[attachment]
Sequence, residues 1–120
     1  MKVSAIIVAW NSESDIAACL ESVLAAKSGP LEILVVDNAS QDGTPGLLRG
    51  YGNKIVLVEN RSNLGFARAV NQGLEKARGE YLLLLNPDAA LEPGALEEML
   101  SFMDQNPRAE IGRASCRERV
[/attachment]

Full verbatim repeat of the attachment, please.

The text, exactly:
Sequence, residues 1–120
     1  MKVSAIIVAW NSESDIAACL ESVLAAKSGP LEILVVDNAS QDGTPGLLRG
    51  YGNKIVLVEN RSNLGFARAV NQGLEKARGE YLLLLNPDAA LEPGALEEML
   101  SFMDQNPRAE IGRASCRERV